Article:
A Dead Parrot Or A Sleeping Beauty? – The 36 Group

Posted June 2nd, 2016 in advocacy, compensation, divorce, financial provision, news by sally

‘Baroness Hale was primarily responsible for the introduction of compensation (SRJ v DWJ [1999] 2 FLR 176). She is a fine lawyer and judge, but she was only briefly an advocate. I am no judge at all with a degree in English, but I have argued a lot of cases. Whilst doing so I have appeared against some outstanding advocates such as Lord Wilson, the late Mrs Justice Baron, Mr Justice Mostyn and Mr Martin Pointer QC. As advocates they looked and in the case of Martin, look to persuade the court. I believe that in presenting a wife’s arguments they would all have rejected submitting that she should be compensated for gender related disadvantage. They would have done so for various reasons. Compensation is a dangerous word as it has its most natural and best established use in the law of tort. It is also manifestly insensitive. Any husband who has maintained his wife and children for, say fifteen years will be hurt and annoyed by the proposition that he should compensate his wife for the experience. He may, or may not be placated by the subsequent reference to gender related disadvantage. At least that shows compensation is a systemic concept, rather than directed at him personally. But fully expressed the words display the origin of the concept in a feminist approach to divorce. The advocate would know that some tribunals would reject the socio-legal concept; if only because another feminist analysis would give primacy to the wife’s autonomous ability to look after.’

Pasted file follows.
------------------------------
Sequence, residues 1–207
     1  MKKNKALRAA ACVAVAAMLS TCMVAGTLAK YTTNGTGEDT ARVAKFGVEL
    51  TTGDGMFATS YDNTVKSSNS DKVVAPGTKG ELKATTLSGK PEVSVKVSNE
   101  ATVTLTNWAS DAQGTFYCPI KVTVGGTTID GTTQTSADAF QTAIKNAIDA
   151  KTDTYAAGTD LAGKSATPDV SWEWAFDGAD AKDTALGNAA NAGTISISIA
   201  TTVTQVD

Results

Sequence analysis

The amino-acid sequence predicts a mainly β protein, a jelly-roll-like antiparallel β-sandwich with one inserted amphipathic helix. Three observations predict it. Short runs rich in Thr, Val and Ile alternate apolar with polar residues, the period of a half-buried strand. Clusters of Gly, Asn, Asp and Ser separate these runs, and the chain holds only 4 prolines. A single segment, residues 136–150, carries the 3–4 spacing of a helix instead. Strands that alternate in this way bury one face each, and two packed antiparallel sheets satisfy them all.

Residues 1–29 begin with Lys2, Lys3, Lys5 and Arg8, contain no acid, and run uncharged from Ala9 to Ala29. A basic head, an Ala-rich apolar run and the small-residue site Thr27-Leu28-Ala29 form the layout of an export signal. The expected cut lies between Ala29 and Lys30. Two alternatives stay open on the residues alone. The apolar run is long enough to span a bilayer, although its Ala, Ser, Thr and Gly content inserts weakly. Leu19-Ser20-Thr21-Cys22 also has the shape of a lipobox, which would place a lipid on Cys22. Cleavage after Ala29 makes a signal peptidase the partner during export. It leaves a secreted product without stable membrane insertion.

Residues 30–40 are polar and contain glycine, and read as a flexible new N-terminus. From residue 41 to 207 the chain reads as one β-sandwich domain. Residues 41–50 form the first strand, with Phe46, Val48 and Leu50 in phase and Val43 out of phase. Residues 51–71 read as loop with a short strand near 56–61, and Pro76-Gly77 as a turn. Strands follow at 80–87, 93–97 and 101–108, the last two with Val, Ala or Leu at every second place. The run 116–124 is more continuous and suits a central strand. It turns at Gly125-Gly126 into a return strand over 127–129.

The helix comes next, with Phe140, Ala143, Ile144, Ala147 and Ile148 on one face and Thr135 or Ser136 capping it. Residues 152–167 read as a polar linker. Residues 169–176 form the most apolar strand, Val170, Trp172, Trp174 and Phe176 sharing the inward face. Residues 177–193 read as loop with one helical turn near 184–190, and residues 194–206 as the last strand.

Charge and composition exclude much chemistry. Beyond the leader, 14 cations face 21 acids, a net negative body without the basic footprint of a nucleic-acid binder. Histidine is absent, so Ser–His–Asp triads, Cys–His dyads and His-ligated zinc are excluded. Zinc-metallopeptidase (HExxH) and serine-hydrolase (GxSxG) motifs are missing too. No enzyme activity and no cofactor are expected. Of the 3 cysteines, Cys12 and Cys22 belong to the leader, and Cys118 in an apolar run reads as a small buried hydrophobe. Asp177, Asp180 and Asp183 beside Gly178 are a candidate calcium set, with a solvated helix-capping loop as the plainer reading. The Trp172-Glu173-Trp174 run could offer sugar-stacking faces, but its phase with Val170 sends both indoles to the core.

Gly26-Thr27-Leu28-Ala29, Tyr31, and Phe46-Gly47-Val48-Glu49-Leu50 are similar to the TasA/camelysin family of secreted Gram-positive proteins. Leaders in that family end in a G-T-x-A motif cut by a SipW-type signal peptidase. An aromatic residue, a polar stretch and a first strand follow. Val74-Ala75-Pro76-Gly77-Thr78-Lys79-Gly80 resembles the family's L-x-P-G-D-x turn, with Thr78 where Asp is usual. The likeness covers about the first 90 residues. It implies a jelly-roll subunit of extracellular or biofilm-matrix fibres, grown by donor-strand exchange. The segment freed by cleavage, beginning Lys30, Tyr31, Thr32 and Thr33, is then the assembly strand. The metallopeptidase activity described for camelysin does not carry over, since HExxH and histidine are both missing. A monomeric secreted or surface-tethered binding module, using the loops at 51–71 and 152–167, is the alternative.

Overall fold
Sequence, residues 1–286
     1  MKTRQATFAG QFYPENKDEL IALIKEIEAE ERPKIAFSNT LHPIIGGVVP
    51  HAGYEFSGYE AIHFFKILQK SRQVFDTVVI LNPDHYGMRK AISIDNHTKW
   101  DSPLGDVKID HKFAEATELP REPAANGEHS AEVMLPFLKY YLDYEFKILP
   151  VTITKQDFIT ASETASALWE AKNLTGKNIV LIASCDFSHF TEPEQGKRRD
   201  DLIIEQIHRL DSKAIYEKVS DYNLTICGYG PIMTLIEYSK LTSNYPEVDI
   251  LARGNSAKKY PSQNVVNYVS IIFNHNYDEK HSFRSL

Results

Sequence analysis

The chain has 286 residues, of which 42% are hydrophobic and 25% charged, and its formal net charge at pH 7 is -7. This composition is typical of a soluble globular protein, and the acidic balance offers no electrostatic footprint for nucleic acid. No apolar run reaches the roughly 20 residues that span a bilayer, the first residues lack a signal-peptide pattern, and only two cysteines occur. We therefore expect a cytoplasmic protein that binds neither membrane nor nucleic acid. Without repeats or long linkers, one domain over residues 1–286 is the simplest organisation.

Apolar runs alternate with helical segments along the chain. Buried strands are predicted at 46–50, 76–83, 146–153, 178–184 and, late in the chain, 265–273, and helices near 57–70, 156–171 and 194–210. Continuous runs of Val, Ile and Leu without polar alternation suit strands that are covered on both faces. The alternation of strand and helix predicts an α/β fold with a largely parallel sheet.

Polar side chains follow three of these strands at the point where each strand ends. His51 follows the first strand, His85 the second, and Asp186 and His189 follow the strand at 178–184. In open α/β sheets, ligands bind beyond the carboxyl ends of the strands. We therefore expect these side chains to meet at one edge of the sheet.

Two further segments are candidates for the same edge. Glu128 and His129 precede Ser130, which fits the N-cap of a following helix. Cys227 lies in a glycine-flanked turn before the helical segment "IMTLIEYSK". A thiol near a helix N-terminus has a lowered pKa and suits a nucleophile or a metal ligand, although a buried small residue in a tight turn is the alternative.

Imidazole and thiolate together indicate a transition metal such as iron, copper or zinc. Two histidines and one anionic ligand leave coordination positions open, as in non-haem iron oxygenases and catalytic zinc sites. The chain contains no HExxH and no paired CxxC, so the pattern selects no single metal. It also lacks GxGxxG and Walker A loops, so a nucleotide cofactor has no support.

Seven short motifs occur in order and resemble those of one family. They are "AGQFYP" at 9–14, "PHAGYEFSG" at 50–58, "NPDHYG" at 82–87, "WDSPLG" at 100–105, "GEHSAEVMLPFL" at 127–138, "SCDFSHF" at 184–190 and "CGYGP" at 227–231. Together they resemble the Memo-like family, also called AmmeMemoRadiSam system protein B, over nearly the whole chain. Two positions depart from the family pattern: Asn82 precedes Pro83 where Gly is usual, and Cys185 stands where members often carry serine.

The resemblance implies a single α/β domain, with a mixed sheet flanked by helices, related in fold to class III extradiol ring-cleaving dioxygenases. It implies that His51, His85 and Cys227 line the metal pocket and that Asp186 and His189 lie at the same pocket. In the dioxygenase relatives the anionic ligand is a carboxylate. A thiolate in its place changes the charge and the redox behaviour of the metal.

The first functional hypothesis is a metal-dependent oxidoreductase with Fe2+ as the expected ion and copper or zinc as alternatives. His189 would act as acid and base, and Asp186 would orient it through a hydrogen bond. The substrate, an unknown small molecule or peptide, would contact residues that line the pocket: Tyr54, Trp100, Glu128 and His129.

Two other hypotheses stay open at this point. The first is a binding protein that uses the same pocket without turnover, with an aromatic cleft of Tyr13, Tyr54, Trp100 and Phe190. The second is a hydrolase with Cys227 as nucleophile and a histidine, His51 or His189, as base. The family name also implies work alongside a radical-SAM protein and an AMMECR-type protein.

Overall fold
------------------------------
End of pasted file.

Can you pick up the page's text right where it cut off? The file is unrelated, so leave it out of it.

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The 36 Group, 18th May 2016

Source: www.36group.co.uk